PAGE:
Custom error pages for ASP.NET Web Forms and Classic ASP in IIS 7 and 8.5

John Avis by | February 20, 2019 | ASP.NET Web Forms Classic ASP Web Development

I was recently doing some work on a website which has a mixture of older Classic ASP pages and ASP.NET Web Forms pages and ran into problems with custom error pages.
I was recently doing some work on a website which has a mixture of older Classic ASP pages and ASP.NET Web Forms pages. The website is running on IIS 8.5 and .NET framework 4.x.

The website has some code that sent email notifications of any Classic ASP server errors, but nothing for .NET errors. It also has custom 404 and 500 error pages for Classic ASP but nothing for ASP.NET.

I attempted to create some custom error pages and email notification for .NET but ran into some troubles along the way.

Here's what you need to do and some of the things that can go wrong.

httpErrors element

This is under system.webServer in the web.config file and is used for non-aspx pages.

Here you can set your custom 404 page not found errors for Classic ASP and other non-aspx pages, like images or folders.

You can also set your custom error pages for 500 internal server errors.

My Classic ASP error email notification code is in the custom 500 error page (coded in Classic ASP of course). One problem I came across here was that Server.GetLastError was not reporting any error. I found that you must specify the 100 subStatusCode of the 500 error here to get the details of the error with Server.GetLastError.

Here's a sample of this section from my working web.config:

<httpErrors errorMode="Custom">
<remove statusCode="404" subStatusCode="-1" />
<error statusCode="404" prefixLanguageFilePath="" path="/_Error404.aspx" responseMode="ExecuteURL" />
<remove statusCode="500" subStatusCode="100" />
<error statusCode="500" subStatusCode="100" prefixLanguageFilePath="" path="/_Error500.asp" responseMode="ExecuteURL" />

Note that I use an aspx page for my custom 404 error page so I only need one for all 404 errors, but I have a asp page for my custom 500 error page so I can send email notifications.

customErrors element

This is under system.web in the web.config and is used for aspx pages.

Here's a sample from my working web.config:

<customErrors mode="On" redirectMode="ResponseRewrite">
<error statusCode="404" redirect="/_Error404.aspx" />

Note that I only trap for 404 errors for aspx page requests here.

Setting the redirectMode to ResponseRewrite means that the user does not get redirected to the custom error pages. However, one problem that I ran into with this setting is that my aspx custom 404 error page didn't show, I just saw an application error. The problem is that Session is not available if you use ResponseRewrite so you must not attempt to access the Session object in your custom error page.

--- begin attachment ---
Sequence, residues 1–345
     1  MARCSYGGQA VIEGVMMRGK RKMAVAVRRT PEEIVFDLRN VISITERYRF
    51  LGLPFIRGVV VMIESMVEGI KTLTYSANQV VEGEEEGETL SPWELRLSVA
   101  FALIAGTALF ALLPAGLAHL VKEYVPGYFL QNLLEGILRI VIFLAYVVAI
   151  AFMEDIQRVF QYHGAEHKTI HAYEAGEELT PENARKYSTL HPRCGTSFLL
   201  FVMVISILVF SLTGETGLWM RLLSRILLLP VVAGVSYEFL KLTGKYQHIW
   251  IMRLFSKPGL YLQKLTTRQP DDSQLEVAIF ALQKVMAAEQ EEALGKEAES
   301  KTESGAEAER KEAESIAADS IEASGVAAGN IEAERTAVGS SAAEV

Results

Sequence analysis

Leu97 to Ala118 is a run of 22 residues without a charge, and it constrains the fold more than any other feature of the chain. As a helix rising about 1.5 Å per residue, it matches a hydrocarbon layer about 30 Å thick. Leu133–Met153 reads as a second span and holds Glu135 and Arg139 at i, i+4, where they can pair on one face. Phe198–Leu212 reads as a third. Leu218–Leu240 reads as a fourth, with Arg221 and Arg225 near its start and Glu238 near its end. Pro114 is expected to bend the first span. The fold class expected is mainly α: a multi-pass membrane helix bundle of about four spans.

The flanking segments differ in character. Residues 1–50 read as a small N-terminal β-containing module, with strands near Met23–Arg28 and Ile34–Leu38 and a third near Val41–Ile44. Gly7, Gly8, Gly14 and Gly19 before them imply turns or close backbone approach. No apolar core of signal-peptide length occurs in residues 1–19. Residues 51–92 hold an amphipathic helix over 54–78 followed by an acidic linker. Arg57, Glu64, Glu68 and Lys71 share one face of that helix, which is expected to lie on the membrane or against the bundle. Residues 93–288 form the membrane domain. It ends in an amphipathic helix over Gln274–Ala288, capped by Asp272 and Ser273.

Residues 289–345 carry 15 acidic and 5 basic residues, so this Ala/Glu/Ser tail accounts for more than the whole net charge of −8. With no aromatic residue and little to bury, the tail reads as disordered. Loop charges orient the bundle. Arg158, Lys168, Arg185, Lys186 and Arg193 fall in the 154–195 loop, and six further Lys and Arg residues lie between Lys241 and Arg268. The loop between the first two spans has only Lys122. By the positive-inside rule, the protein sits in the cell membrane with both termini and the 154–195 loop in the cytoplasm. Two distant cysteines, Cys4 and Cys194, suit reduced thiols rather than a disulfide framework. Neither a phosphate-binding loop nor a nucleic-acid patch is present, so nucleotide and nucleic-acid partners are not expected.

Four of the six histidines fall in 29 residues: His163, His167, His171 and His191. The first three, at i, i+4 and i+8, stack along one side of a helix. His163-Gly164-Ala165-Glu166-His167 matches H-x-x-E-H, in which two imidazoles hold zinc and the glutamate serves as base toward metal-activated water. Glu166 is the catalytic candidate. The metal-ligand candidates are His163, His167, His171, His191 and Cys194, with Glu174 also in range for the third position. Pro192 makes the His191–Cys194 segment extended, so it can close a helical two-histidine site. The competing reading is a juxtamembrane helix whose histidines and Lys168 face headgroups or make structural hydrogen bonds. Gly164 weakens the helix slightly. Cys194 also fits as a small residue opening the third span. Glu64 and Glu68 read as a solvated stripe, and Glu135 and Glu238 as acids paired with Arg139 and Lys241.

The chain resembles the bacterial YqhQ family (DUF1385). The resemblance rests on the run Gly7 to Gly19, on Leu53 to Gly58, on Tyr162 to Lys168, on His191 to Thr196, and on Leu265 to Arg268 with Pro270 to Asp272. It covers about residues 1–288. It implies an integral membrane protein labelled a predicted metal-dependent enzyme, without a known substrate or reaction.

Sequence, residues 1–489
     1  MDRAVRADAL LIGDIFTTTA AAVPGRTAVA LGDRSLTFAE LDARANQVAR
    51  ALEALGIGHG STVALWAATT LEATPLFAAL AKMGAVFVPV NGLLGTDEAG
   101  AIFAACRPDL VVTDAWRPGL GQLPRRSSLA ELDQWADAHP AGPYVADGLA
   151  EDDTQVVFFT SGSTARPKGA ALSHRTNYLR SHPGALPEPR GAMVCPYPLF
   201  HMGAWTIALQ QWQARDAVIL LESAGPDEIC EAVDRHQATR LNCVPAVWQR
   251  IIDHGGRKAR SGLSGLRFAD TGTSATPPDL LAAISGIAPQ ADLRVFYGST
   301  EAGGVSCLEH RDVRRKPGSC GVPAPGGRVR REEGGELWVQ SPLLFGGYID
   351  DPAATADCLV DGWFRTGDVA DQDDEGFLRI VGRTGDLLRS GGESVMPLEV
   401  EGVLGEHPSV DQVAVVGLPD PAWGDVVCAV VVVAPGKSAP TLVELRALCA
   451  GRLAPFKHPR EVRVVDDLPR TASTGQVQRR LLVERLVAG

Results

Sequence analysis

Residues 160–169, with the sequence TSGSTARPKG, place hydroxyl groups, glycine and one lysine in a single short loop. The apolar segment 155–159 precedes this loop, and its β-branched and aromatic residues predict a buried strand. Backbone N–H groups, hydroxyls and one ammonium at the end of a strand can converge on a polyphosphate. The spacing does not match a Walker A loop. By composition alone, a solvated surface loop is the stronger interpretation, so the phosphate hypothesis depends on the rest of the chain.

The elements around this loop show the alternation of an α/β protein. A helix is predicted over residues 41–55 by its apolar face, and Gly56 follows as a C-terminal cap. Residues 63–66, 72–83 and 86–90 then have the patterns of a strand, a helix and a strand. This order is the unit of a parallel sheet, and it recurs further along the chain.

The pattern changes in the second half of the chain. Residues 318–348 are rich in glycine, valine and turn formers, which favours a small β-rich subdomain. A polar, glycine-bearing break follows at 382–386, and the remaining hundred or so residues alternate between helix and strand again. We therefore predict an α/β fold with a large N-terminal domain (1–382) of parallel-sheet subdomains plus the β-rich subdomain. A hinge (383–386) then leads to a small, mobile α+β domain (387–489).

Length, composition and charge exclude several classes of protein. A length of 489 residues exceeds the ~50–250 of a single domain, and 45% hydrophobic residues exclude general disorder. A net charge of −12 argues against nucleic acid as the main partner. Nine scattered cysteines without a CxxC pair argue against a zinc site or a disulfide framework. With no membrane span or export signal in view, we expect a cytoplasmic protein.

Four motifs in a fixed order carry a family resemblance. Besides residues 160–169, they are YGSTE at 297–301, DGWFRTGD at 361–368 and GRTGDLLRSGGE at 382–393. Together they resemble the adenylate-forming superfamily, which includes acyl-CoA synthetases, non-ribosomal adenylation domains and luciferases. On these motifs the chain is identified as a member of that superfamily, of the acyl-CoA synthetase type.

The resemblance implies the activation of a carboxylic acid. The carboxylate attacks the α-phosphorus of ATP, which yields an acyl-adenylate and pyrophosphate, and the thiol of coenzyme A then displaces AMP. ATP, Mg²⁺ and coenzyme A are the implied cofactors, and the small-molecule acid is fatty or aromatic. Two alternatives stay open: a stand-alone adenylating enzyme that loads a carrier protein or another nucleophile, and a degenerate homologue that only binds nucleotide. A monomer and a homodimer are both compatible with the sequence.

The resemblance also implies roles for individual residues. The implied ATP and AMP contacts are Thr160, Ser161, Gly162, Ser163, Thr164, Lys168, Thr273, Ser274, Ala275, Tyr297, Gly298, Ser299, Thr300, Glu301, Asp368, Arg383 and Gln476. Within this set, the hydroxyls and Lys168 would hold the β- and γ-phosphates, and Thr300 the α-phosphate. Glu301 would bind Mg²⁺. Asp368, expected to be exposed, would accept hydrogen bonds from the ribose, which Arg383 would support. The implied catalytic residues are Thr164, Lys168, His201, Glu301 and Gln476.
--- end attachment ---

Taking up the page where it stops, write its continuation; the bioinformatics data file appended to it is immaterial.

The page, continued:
Trapping 500 internal server errors for aspx pages

You could trap these errors also in the customErrors element but I chose to do this instead in the global.asax page.

I send my email error notification then use Server.Transfer to show the custom 500 error page, like this:

void Application_Error(object sender, EventArgs e)
//error notification code here


Notes about custom 500 error pages

It should be obvious but your custom 500 error pages should not include any code that might cause an error itself, or at least it should be handled properly.

For this reason I generally use a very simple custom 500 error page with no database calls. I don't use my website's MasterPage as that usually has code for things like logged-in user, or shopping cart lookups that might result in errors.

If you're sending email notifications it's also a good idea to handle mail sending errors in case your mail server is down. That way the user still sees your friendly error message.

Custom 404 errors don't have this problem (except for the abovementioned Session object issue) so can be rich in content and have full functionality. In fact it's good practice to make your custom 404 error pages as helpful as possible: attempt to offer an alternate page that you think matches the user's original request; briefly explain what your website is all about; and, offer a next relevant step for the user so that hopefully they don't leave your site.

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